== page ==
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Publication numberUS20110101989 A1
Publication typeApplication
Application numberUS 12/924,703
Publication dateMay 5, 2011
Filing dateOct 1, 2010
Priority dateJul 17, 2009
Also published asCN103154751A, EP2622359A2, US8456168, WO2012044354A2, WO2012044354A3
Publication number12924703, 924703, US 2011/0101989 A1, US 2011/101989 A1, US 20110101989 A1, US 20110101989A1, US 2011101989 A1, US 2011101989A1, US-A1-20110101989, US-A1-2011101989, US2011/0101989A1, US2011/101989A1, US20110101989 A1, US20110101989A1, US2011101989 A1, US2011101989A1
InventorsRoderick A. Hyde, Lowell L. Wood, JR.
Original AssigneeSearete Llc, A Limited Liability Corporation Of The State Of Delaware
Export CitationBiBTeX, EndNote, RefMan
External Links: USPTO, USPTO Assignment, Espacenet
Systems and methods for testing the standoff capability of an overhead power transmission line
US 20110101989 A1
Abstract
An overhead power transmission line system includes detector circuitry to detect a flashover event on a power line conductor in response to test over voltage excitations applied to the power line conductor applied. Processing circuitry establishes an operational voltage level for the power line conductor taking into account the lowest applied test over voltage excitation that causes a flashover event.
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Claims(73)
1. A method, comprising:
in an overhead power line transmission system,
identifying a test “flash-over” voltage that causes a measured flash-over event on an uninsulated or non-shielded power line conductor; and
establishing an operational voltage level for the power line conductor which is below the indentified test flash-over voltage.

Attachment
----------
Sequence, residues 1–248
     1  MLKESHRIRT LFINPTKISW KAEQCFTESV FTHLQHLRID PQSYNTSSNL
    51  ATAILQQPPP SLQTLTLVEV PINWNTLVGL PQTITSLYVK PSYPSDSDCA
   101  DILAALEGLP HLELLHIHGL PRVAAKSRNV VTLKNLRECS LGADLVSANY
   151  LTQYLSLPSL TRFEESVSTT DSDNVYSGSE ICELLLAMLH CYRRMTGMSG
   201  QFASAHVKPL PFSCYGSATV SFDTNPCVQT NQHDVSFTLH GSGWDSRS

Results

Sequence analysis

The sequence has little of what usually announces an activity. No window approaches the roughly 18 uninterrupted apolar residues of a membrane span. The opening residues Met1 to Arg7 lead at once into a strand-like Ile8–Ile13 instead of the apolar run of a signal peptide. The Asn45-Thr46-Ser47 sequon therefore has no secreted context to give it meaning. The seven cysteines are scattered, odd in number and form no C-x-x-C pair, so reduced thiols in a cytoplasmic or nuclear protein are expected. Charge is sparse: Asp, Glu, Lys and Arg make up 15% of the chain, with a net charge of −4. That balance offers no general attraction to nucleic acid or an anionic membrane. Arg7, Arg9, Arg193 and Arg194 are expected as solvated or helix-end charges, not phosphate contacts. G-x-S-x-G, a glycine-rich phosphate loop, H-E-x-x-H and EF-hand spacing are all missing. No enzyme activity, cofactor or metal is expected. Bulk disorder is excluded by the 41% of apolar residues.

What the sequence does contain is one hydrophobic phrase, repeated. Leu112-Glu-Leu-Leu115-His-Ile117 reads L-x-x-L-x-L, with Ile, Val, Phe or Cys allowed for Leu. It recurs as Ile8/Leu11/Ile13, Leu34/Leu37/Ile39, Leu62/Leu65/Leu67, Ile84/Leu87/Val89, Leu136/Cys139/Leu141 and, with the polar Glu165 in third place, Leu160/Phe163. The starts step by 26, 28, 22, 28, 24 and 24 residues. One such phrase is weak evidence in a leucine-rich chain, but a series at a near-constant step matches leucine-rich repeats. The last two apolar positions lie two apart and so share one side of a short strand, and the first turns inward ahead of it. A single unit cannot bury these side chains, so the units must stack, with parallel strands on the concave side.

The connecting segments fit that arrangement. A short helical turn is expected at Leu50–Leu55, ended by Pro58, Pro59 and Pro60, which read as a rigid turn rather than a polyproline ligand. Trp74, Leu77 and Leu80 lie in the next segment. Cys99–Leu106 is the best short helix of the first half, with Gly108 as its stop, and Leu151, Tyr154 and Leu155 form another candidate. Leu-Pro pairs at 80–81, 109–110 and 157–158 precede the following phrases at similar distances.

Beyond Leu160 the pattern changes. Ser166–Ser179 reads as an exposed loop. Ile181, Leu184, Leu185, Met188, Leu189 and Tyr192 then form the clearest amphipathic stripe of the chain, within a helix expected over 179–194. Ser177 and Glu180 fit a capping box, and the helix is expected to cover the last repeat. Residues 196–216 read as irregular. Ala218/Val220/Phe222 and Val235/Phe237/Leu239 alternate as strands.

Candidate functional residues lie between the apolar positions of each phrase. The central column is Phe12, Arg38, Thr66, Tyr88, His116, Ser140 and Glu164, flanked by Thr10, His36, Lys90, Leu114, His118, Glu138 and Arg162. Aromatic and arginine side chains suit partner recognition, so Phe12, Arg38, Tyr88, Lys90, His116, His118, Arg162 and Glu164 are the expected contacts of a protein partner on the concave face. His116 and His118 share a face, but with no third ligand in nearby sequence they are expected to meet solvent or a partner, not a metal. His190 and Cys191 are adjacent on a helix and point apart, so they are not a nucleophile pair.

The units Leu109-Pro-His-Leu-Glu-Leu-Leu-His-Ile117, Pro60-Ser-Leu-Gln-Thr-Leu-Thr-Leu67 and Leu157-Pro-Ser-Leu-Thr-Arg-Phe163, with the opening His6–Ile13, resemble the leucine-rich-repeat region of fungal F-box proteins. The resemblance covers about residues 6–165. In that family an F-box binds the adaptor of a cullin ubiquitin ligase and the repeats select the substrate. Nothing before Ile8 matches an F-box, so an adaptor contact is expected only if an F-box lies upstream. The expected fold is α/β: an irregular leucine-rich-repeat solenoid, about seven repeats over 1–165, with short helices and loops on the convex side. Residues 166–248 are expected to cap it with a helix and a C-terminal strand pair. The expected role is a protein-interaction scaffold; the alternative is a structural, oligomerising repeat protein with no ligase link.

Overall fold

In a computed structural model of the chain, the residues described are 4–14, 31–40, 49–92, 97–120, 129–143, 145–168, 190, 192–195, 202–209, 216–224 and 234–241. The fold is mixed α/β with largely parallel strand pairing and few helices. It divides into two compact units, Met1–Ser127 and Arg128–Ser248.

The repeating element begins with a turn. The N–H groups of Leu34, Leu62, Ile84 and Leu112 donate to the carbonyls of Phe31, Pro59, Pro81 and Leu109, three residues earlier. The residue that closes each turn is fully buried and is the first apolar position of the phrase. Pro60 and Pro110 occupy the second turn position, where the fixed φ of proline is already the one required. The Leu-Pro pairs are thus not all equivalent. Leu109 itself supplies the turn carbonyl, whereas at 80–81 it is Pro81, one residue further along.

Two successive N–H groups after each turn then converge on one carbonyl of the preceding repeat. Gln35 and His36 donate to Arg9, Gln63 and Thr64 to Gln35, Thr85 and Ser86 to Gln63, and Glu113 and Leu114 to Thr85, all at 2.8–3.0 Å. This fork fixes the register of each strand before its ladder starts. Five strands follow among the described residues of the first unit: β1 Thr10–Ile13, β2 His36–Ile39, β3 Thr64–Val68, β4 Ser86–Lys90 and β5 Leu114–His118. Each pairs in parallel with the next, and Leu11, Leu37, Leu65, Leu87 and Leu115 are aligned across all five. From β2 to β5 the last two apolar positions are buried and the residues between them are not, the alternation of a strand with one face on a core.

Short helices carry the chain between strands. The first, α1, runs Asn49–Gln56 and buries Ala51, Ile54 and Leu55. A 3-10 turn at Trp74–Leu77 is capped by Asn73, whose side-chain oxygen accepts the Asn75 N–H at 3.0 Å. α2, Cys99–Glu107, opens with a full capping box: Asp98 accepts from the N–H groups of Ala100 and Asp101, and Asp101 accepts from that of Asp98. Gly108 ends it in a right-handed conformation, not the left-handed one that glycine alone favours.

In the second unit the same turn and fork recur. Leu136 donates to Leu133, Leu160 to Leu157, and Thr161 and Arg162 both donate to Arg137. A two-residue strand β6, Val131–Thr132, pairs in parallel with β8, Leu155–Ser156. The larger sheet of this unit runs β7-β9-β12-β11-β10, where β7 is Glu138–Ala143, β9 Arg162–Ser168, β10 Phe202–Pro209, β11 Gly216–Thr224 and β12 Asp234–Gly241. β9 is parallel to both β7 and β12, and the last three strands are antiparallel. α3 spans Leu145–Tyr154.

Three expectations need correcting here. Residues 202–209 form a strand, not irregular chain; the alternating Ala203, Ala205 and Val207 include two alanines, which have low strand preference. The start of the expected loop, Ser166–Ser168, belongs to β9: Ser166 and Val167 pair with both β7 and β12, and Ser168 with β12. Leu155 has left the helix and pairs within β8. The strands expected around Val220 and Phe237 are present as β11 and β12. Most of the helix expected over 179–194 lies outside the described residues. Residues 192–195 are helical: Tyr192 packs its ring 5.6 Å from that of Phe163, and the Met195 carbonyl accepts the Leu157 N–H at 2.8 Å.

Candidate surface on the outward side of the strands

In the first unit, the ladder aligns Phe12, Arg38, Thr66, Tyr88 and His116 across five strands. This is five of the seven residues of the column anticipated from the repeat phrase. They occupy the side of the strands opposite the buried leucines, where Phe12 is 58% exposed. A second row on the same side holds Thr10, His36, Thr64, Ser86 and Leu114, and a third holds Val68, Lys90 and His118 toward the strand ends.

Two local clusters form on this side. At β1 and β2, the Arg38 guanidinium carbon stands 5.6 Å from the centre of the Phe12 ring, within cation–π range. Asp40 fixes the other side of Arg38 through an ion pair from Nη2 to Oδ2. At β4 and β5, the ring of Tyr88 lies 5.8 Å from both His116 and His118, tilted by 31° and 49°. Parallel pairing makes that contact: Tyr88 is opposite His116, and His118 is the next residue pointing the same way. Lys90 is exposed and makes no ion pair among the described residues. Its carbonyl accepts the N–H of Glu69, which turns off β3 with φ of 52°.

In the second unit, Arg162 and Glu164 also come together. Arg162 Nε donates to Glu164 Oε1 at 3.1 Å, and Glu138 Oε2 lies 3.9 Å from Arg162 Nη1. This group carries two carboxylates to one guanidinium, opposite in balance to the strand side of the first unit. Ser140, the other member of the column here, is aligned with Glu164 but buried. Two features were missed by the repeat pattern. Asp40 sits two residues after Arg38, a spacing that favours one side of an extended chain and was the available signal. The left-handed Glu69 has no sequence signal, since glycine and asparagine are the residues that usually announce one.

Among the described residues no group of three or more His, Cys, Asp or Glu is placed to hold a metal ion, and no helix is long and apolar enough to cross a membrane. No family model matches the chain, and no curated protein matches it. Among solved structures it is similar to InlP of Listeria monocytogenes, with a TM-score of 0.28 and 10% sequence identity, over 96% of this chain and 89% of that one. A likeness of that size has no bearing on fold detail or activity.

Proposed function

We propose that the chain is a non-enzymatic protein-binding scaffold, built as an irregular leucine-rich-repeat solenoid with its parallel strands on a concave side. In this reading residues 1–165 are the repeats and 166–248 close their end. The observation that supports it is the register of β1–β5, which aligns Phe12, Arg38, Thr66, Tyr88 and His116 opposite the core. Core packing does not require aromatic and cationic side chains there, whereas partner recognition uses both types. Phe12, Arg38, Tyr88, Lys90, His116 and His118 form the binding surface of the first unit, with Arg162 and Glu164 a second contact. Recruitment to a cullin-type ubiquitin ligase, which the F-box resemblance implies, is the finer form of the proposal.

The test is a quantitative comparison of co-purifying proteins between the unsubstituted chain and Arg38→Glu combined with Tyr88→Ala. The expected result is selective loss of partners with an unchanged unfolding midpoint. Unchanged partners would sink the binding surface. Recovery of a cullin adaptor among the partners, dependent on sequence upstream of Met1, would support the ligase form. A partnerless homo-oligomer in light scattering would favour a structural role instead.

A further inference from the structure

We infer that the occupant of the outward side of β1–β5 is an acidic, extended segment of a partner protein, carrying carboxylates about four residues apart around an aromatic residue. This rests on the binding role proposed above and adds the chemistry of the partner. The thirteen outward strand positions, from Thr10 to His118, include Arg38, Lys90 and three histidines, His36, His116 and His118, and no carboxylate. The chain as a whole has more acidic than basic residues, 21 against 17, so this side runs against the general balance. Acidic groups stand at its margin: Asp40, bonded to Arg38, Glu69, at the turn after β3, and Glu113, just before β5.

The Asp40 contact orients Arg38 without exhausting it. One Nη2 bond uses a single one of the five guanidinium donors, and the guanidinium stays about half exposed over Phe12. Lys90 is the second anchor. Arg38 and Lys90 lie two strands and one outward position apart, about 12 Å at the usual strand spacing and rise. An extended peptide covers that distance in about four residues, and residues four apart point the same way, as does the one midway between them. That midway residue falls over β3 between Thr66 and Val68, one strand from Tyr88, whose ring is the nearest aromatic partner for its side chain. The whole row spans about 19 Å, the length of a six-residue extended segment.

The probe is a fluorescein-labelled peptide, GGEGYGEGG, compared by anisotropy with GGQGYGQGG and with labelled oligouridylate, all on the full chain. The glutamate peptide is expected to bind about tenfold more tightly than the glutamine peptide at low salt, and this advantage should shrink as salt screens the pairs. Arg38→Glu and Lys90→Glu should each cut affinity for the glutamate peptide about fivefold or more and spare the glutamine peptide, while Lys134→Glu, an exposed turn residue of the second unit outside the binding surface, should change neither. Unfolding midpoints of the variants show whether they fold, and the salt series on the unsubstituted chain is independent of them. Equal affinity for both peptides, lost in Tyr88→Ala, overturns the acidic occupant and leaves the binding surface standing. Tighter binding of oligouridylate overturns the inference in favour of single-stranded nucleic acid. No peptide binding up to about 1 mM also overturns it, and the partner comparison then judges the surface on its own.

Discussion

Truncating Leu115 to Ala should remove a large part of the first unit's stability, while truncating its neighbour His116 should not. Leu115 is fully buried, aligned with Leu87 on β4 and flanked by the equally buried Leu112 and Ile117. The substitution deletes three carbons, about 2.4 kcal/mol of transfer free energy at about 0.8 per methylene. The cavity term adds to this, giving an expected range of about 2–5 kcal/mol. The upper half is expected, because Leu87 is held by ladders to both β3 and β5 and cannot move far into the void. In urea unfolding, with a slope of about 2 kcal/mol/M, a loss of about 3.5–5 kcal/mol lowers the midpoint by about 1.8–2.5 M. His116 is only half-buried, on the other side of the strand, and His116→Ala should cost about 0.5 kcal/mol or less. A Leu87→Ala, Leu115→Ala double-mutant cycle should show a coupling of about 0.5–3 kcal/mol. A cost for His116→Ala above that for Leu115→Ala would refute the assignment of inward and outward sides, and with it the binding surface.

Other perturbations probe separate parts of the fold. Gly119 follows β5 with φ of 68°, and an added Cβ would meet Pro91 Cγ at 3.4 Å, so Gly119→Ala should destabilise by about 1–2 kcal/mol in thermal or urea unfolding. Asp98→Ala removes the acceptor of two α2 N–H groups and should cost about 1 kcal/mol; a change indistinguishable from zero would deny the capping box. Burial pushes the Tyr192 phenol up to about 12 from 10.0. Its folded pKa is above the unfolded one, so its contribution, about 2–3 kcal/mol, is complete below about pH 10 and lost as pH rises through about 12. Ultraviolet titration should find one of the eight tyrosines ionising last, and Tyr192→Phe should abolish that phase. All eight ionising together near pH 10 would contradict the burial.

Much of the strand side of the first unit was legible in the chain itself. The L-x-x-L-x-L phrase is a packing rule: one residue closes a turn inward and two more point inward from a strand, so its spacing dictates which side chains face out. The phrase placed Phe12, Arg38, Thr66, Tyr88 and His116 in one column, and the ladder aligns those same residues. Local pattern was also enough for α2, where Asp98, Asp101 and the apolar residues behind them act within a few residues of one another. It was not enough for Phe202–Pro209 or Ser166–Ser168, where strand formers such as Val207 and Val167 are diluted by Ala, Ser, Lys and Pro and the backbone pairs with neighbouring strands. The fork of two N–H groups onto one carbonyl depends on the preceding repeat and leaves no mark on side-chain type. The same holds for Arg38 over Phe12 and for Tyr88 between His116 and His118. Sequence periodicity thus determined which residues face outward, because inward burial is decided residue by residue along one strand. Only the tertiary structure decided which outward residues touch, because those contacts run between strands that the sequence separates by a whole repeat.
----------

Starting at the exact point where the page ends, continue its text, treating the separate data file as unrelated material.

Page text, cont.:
2. (canceled)
3. The method of claim 1, further comprising, delivering power over the power line conductor at about the operational voltage level.
4. The method of claim 1, wherein identifying a test “flash-over” voltage that corresponds to a flash-over event comprises time-delay reflectometry.
5. The method of claim 1, wherein identifying a test “flash-over” voltage that corresponds to a measured flash-over event comprises:
applying one or more over voltage excitations to the power line conductor; and
detecting occurrence of one or more corresponding flash-over events on the power line conductor.
6. The method of claim 5, wherein applying one or more over voltage excitations to the power line conductor comprises opening the power line conductor and applying the one or more over voltage excitations to the open power line conductor.
7. (canceled)
8. The method of claim 5, wherein applying one or more test over voltage excitations to the power line conductor comprises applying the one or more test over voltage excitations to the power line conductor in an operational state.